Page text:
Lateral osteotomy is done in two internal and external methods [7]. The external method was first introduced by Goria in 1955 [8]. Although the nasal mucus damage in the internal lateral osteotomy group was higher than the external group, this difference was not statistically significant (p=0/24). In Kuran et al. (1996)’ s study on a corpse [9], the incident rate of nasal mucus damage in external lateral osteotomy was reported as 37/5%. In a study conducted by Rohrich et al. on 19 corps the results of internal and external lateral osteotomy were compared [10]. The mucosal damage and bone disorders in these two methods were compared using endoscopy. In external lateral osteotomy group, the mucosal laceration was reported in 11% of cases and 74% of the cases in internal osteotomy (statistically significant difference). Therefore, it was concluded that the external method has less relevant complications (such as bleeding, edema and ecchymosis) than the internal method due to reducing the mucosal damage. In Rohrich et al (2001)’ s study on corpse, it was indicated that the nasal mucus damage rate in external lateral osteotomy was dramatically less than nasal mucus damage in internal lateral osteotomy. In the study of Sinha et al. [4] all 10 patients whom internal lateral osteotomy was done upon them developed nasal mucus damage [11]. On the other side, in 8 patients who received external lateral osteotomy, the nasal mucus damage was reported in only 30% of patients. although the results of our study is in line with the results of above mentioned studies in terms of higher frequency of nasal mucus damage in internal lateral osteotomy method than the external method, however, the difference of nasal mucus damage rate in existing studies is significant. In this study we considered the existence of any kind of mucus damage as a positive case and maybe this is one of the reasons of higher frequency of this finding in our study compared to similar studies [4,5]. Moreover, the results of 3 of the above mentioned studies were the results of study on corpse and this may be the major reason of low nasal mucus damage reported in those studies. The major finding of this study is a significant difference between intensity (rate) of nasal mucus damage in internal lateral osteotomy and external lateral osteotomy (9 mm versus 4 mm, p<0/001). In line with these findings, Harshbarger and sulivan (1999) in their study on 17 corpses concluded that the mucosal complications of external lateral osteotomy areless than the internal method [11]. Giacomarra et al. [5], in their study on comparison of mucus damage on corpse reported significantly lower mucus damage in external lateral osteotomy group. Mucus damage in this group of patients is important because it can lead to instability, excessive bleeding, prolonged edema, ecchymosis, asymmetry and tightening of nasal space after the surgery [12]. On the other side, it should be noted that the present study is the first study in the field of comparing mucus damage intensity in doing lateral osteotomy in two methods of internal and external on a living human and as already noted, all the previous studies in this field were done on a dead body. Osteotomy type and size also may be involved in the difference of results between different studies in this field. Moreover, it is shown that the some specific techniques and measures such as isolation of mucus with local anesthesia and applying Elevator can prevent mucus damage during lateral osteotomy. The impact of these surgery methods on the osteotomy result and incidence of mucus damage needs to be investigated in future studies.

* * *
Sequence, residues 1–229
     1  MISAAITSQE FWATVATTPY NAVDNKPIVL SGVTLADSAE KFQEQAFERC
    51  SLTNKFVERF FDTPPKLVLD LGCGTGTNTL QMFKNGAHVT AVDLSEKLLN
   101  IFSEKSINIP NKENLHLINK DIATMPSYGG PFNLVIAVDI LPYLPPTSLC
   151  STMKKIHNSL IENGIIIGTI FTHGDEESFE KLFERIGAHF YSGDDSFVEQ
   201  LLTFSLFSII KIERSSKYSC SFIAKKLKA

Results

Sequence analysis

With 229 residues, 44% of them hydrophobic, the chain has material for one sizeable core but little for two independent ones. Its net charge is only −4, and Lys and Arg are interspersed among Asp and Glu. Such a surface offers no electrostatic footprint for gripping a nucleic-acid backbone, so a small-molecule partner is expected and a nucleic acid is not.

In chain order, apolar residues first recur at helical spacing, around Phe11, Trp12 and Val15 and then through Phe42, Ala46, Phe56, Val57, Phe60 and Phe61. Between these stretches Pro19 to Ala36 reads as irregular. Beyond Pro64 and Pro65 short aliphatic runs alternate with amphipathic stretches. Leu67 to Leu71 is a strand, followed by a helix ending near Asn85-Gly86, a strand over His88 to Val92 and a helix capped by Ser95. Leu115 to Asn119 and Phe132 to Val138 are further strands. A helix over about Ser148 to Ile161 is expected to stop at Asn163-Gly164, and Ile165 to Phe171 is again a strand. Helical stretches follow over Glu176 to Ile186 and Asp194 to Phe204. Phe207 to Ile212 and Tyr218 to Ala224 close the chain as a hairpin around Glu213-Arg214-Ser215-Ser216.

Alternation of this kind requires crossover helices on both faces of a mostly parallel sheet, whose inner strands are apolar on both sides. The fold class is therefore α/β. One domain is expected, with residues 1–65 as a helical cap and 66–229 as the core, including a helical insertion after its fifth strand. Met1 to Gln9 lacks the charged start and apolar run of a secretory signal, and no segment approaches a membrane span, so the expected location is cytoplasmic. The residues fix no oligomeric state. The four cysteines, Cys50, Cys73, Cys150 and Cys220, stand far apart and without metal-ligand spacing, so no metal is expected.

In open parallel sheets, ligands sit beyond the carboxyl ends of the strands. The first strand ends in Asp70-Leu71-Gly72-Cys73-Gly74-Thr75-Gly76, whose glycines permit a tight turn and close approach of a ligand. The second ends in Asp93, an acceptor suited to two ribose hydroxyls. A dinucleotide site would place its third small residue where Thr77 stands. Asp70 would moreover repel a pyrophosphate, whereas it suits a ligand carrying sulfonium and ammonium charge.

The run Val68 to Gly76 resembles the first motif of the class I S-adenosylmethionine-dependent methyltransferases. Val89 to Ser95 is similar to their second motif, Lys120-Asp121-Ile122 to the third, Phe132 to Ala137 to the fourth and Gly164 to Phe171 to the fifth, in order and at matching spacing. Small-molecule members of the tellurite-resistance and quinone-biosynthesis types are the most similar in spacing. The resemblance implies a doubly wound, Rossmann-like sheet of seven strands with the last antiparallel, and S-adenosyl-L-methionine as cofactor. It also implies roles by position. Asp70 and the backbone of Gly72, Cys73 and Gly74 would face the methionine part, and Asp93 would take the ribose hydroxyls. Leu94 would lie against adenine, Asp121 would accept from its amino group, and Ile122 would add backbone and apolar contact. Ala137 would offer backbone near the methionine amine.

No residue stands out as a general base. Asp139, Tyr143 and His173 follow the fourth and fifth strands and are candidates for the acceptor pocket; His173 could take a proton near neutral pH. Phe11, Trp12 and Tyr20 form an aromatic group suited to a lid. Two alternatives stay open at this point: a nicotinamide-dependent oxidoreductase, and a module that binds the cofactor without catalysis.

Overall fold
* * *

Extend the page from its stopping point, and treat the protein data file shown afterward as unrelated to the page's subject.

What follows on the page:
Nasal mucus laceration rate in internal and external nasal lateral osteotomy methods was 90 % and 100% respectively. The average nasal mucus laceration intensity in internal and external methods of nasal lateral osteotomy was 9/03 and 3/47 mm respectively. Nasal mucus laceration rate in internal and external methods of nasal lateral osteotomy hadn’t statistically significant difference. The median of nasal mucus laceration intensity with internal method were significantly higher than the median of nasal mucus laceration intensity with external method.